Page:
I have several audiences in mind for this game.  History fans and history educators are definitely on the list.  Historic war gamers are another audience that I think will enjoy the game’s theme and gameplay.  That being said my overall approach is definitely to market to all card and board game players, making sure that the game mechanics are fun and enjoyable for players who aren’t that into history either.  While the game is very thematic, I wanted to make sure that you didn’t have to be a history expert to enjoy the gameplay. It’s a play experience that should last an hour or less, so more casual gamers won’t be overwhelmed by the game length or a very complex rule set.

Periodic artwork depicts all of the game's cards, including these historic event cards.
Period artwork depicts all of the game’s cards, including these historic event cards.

As 1750: Britain vs. France is your freshman outing, did you encounter any particular design problem in which other beginning designers might learn from your experience?

Well, I think one of my bigger revelations is that I find it beneficial to have a lot of different physical materials around.  One breakthrough for me was to implement a split between regular sized cards and mini sized cards.  I got a lot of different materials from teacher supply stores, stores like Hobby Lobby, and materials from other board games. For me, that seemed to get me to those, “Ah, ha!” moments a little bit faster.  The game is also basically on the third version of design.  From those first two versions I’d say that I learned a lot about not going too far down the road with a particular design without having a very strong “warm and fuzzy” feeling about the mechanics.  In other words, don’t over-commit to a design until those baseline mechanics are something you feel great about.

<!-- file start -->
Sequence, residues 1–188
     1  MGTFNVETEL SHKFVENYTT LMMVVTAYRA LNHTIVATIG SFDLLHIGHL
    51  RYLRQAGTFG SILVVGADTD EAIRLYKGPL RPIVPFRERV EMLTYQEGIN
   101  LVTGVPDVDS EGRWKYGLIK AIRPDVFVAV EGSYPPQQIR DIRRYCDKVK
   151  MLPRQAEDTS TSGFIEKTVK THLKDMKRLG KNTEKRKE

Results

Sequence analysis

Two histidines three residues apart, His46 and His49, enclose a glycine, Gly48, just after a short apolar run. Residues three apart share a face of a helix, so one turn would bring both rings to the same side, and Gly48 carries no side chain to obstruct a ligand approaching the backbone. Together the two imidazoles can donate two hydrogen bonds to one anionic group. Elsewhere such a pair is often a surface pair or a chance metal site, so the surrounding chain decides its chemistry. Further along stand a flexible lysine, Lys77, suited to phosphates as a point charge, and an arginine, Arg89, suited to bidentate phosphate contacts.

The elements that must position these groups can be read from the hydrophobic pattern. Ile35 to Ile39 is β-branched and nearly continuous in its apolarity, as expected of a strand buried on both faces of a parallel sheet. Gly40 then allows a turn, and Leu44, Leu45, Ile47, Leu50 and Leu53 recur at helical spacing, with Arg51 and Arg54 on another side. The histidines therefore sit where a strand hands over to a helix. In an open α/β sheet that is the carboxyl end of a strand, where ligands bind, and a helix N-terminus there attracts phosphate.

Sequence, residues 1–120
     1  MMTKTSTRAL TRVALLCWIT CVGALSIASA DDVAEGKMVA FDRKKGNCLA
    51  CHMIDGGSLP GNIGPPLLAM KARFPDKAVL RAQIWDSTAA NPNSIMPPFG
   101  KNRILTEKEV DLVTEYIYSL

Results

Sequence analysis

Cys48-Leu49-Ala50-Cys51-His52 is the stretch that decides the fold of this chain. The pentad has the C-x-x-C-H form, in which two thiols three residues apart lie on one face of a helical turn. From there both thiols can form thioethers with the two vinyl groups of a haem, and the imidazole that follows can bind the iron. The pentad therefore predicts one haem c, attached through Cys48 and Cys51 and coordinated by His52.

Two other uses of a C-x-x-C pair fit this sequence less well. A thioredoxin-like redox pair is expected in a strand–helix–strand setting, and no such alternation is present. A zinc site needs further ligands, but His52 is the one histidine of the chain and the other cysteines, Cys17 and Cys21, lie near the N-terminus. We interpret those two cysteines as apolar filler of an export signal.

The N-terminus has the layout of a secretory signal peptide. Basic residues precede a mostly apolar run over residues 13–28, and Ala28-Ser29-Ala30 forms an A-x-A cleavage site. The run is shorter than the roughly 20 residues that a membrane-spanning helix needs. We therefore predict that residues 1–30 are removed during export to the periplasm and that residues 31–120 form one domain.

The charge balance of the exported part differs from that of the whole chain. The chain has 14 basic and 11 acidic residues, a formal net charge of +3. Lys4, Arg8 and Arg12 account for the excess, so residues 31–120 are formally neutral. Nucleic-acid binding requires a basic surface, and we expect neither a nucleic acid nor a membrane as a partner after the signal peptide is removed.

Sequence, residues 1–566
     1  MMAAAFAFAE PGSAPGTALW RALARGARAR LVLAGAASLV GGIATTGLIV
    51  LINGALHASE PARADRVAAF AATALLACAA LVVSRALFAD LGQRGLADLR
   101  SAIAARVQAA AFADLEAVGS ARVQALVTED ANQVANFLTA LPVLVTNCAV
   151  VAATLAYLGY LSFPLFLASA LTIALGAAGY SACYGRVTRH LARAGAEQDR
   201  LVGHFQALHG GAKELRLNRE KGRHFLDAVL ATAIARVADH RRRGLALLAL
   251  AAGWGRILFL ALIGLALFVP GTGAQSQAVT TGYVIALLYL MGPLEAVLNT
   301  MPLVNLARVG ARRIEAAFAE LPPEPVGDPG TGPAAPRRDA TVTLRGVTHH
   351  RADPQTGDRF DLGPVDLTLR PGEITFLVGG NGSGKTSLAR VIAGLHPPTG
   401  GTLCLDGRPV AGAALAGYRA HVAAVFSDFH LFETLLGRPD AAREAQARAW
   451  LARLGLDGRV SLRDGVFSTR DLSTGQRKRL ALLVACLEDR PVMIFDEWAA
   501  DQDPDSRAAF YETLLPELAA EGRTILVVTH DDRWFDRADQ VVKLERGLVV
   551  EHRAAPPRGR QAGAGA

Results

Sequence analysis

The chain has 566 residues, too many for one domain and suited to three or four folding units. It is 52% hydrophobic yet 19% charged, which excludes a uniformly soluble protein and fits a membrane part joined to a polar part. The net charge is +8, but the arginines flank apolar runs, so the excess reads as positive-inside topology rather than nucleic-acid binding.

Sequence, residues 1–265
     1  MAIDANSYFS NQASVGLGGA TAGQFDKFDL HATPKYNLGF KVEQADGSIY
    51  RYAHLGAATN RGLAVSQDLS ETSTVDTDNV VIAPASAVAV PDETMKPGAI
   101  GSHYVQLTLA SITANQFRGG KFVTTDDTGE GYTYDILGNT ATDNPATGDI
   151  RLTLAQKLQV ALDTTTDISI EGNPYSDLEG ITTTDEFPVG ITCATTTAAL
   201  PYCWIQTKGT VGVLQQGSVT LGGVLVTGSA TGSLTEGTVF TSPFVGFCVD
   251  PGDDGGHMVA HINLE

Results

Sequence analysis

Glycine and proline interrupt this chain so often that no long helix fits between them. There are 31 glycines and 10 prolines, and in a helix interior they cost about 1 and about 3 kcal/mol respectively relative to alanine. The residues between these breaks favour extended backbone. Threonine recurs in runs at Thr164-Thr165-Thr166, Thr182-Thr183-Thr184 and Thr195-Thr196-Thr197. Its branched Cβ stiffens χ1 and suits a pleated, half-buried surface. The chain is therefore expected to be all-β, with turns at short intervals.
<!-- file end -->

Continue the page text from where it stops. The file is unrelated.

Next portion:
Good advice! So, you’ve mentioned a few popular titles that gamers may recognize pieces of while playing 1750: Britain vs. France. What kinds of games do you play in your free time? Do you have a hands-down favorite?  And have any had an influential hand in designing this game?

Lately, my regular gaming group has been playing a lot of Dominion and Macao.  I played some Star Wars CCG for the first time in a while at GenCon which was also a lot of fun.  SWCCG is definitely one of my favorites of all time.  I also play Warhammer off and on which I love.  Certainly SWCCG and Axis and Allies have had an influential hand, but I have probably gotten as much, if not more inspiration, from some old video games I used to play.  Then there’s a healthy dose of mechanics bearing no resemblance to anything I’ve played.

Thanks for talking with us! We wish you luck on the project. But before I let you go, I always save the most important question for last: Okay, so you have Maria Theresa, Louis XV, Frederick the Great, and both King Georges sitting at your table. What game do you pick for them to play and why?

Ha-ha, oh yes, very important.  Well, I of course hope they’ll break my game out, but if not, maybe some Dominion?  Seems appropriate enough! 😉

1750: Britain vs. France is currently seeking funds on Kickstarter. It has met nearly 50% of its goal, already, and the project will run through Sunday, September 28.  Stake your claim in this venture by heading over to the campaign page to plant your flag and join the action with a $45 pledge, which includes any stretch goal rewards the project my earn, plus shipping to the U.S., Canada, U.K., and Germany. Alas, pantaloons and powdered wig are not included.


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  1. Pingback: Today in Board Games Issue #221 - Awesome Designer Interviews; Should I Buy Abyss? - Today in Board Games